My wife was ill healthed in almost the precise same circumstances. Same service, same illness, the lot. When we saw what she would receive pension wise, the question was simple. Did she want a career in the police or a job? She wanted a job - no aspirations in the cops, so the answer was an easy one. She signed on the dotted line, took the cash and we paid off the mortgage fifteen years early. Okay, so we won’t get two full police pensions, but we are seeing the benefits now, whilst the kids are still at home and my wife has none of the stress being a cop brings. I get enough of that for both of us. Our quality of life was more important than the salary - she now works part time, and with her pension is almost bringing home what she did before she left.
  9. billysboots

    Any New Direct Entry Detective Trainees on here

    I’m sorry to say this, Susan, but in the event you finally get in as a direct entry detective, and any of your new colleagues, uniform or otherwise, find out that you turned down an opportunity to take a more traditional route, you are likely to find yourself getting some stick. The police service have become obsessed with direct entry into certain roles, and as a time served DS I can tell you there is no substitute for a varied grounding in uniform duties before taking the plunge and becoming PIP2 qualified. It also disappoints me that Forces even contemplate offering a direct entry route into detective posts, given that many really good uniformed colleagues, who are chomping at the bit to become detectives, are never afforded the opportunity.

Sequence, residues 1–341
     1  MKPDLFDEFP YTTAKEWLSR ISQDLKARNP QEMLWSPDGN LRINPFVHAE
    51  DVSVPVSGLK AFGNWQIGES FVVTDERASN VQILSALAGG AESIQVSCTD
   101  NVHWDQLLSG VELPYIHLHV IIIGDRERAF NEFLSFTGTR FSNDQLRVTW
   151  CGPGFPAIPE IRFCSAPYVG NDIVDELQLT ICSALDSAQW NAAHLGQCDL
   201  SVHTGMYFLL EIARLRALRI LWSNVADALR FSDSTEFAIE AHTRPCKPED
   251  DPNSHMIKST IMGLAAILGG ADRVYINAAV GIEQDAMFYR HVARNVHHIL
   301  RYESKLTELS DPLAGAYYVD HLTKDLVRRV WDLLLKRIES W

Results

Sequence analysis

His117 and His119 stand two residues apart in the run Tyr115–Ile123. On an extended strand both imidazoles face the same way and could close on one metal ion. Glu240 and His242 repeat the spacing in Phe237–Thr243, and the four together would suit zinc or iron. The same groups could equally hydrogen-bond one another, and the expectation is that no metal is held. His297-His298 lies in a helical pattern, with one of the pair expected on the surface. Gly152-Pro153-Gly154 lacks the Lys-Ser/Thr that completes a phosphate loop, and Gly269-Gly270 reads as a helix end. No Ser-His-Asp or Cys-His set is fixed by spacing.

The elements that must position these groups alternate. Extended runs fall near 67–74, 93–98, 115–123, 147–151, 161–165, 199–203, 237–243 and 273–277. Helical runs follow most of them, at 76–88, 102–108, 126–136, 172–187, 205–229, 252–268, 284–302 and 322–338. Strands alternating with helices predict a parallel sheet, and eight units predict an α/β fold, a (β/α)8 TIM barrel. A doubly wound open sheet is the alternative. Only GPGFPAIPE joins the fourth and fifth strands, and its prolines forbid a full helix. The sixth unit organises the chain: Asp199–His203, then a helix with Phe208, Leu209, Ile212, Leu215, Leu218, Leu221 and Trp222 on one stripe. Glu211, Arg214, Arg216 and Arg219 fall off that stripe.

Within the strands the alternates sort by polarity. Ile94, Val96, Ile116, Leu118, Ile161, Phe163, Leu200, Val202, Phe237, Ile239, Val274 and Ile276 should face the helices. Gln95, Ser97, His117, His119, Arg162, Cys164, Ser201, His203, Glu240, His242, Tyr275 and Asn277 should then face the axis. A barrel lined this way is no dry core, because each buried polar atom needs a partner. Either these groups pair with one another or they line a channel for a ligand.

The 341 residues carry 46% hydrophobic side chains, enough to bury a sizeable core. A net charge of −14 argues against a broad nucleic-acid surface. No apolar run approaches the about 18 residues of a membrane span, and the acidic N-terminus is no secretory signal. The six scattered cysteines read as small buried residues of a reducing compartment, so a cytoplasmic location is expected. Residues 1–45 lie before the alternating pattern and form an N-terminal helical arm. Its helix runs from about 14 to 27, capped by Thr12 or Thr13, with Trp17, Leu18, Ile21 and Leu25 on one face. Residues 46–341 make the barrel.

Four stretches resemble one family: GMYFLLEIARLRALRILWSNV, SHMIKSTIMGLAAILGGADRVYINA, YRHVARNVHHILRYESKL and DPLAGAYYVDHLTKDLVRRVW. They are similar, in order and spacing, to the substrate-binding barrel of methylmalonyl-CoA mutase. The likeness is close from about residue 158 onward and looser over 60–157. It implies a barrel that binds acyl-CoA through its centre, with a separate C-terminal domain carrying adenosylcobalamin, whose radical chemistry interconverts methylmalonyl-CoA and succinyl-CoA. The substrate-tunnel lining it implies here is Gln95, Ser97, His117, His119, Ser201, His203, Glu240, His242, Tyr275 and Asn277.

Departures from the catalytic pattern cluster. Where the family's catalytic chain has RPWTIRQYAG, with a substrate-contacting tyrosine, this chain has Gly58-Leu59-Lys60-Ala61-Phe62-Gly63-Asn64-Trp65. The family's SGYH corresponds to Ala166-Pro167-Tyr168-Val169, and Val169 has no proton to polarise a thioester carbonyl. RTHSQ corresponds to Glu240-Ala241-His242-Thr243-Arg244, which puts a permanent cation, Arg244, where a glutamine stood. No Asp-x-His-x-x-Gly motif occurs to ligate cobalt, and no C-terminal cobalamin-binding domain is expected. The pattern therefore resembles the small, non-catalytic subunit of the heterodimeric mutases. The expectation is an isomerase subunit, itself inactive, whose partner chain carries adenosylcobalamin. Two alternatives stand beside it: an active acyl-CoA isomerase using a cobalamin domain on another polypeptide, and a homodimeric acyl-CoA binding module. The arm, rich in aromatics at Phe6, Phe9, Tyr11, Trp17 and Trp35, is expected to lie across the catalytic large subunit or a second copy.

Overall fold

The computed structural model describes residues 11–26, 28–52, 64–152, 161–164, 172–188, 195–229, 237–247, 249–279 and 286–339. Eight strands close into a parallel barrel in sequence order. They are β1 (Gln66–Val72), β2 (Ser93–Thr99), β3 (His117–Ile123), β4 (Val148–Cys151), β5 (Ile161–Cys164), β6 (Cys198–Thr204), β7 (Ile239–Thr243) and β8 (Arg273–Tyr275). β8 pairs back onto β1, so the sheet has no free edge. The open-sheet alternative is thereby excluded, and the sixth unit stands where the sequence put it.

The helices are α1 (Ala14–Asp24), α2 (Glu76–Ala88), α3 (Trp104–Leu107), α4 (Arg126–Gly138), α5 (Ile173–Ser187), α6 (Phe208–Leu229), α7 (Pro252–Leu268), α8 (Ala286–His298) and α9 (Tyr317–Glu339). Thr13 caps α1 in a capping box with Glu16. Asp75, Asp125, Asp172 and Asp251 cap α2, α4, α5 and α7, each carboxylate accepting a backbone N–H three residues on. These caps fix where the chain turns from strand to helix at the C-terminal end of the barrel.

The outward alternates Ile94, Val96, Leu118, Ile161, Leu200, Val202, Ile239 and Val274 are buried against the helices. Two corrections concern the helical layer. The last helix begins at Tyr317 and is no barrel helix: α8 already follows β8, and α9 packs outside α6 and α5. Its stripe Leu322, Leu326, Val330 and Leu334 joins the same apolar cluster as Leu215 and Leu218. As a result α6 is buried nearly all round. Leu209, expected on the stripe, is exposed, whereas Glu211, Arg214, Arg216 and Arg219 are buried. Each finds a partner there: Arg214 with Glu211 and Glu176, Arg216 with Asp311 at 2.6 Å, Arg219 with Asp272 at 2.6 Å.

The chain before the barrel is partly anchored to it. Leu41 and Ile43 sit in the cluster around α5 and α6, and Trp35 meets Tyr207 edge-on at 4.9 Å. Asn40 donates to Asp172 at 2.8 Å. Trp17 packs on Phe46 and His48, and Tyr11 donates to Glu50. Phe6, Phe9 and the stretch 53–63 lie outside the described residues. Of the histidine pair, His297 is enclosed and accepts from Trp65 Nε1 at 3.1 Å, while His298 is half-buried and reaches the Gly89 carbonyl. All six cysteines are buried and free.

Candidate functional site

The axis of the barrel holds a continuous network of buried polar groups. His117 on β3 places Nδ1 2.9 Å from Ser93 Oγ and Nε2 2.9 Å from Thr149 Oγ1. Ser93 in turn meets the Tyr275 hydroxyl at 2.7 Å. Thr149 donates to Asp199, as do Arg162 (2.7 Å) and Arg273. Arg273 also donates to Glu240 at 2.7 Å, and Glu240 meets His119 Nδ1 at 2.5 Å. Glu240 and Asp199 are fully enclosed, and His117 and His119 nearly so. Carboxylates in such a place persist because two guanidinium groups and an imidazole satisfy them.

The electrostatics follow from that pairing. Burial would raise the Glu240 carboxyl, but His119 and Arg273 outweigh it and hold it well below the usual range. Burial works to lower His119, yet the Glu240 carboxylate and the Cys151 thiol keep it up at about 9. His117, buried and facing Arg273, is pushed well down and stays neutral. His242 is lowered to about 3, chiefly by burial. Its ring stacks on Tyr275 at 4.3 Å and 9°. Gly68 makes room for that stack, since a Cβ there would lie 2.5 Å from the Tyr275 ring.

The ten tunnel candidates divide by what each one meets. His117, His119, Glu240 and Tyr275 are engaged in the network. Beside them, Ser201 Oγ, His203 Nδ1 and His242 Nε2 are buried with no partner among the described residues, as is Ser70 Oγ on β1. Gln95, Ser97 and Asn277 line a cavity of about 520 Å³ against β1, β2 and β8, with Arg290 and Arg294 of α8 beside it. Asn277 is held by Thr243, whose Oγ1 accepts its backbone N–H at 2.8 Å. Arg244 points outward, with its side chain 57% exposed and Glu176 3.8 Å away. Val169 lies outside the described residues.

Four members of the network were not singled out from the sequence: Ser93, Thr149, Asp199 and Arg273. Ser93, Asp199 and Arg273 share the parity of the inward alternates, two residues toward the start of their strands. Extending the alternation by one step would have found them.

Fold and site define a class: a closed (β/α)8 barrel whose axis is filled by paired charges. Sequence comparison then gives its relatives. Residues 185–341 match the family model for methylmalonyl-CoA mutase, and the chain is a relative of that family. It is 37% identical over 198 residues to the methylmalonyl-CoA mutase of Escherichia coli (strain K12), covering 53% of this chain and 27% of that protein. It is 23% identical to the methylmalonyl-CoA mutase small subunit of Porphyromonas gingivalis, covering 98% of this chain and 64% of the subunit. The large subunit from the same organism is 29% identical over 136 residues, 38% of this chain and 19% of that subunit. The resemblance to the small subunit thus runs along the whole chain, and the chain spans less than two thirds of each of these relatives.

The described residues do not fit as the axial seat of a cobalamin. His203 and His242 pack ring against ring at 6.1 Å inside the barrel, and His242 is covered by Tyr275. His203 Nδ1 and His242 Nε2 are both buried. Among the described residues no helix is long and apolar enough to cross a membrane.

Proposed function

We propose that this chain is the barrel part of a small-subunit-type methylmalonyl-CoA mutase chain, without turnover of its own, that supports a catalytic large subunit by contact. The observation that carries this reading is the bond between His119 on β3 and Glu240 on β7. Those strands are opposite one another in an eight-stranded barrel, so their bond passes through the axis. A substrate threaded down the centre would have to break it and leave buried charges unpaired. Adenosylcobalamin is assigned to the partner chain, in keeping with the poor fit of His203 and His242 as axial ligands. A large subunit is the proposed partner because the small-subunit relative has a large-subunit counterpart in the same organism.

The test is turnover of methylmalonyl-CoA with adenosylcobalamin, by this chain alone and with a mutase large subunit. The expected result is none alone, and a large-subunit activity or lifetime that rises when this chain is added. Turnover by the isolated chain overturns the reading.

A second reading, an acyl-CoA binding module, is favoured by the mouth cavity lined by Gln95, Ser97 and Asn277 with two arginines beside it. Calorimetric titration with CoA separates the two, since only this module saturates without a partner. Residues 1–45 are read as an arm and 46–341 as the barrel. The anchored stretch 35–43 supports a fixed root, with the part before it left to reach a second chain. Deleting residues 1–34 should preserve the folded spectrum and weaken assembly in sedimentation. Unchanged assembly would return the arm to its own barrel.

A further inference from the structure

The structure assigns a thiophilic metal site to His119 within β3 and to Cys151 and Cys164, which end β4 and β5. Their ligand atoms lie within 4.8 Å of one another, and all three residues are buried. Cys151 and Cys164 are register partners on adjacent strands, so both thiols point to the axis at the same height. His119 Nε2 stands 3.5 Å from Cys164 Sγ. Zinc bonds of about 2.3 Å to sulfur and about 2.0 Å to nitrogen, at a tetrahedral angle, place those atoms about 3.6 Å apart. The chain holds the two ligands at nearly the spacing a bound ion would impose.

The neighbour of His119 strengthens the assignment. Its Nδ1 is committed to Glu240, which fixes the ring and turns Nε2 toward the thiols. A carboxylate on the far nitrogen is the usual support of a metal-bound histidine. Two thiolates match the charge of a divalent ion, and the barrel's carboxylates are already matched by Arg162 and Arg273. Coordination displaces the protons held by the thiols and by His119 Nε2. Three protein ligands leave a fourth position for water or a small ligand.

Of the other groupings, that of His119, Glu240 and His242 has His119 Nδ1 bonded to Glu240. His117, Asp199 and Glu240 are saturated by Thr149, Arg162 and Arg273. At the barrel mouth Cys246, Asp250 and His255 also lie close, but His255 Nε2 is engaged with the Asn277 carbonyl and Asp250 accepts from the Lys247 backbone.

10. billysboots

    Can you cause affray with a vehicle?

    The starting point is that a defendant must use or threaten violence towards another. That act would have to cause a hypothetical person of reasonable firmness, if present at the scene, to fear for their own safety. The hypothetical person need not be present. Take a person threatening to assault another. If that threat of violence is targeted directly at the victim there is no affray, as it is very unlikely that it could be argued that a third person would fear for their OWN safety. In the circumstances you describe there simply isn’t an affray. Driving poorly, even if it amounts to being dangerous, is not violence.
  11. billysboots

    Can you cause affray with a vehicle?

    An affray occurs when a person uses or threatens to use unlawful violence towards another. I’m not going to bore you with the technicalities, but the circumstances you describe do not come close to being an affray. You are describing possible road traffic offences, nothing more.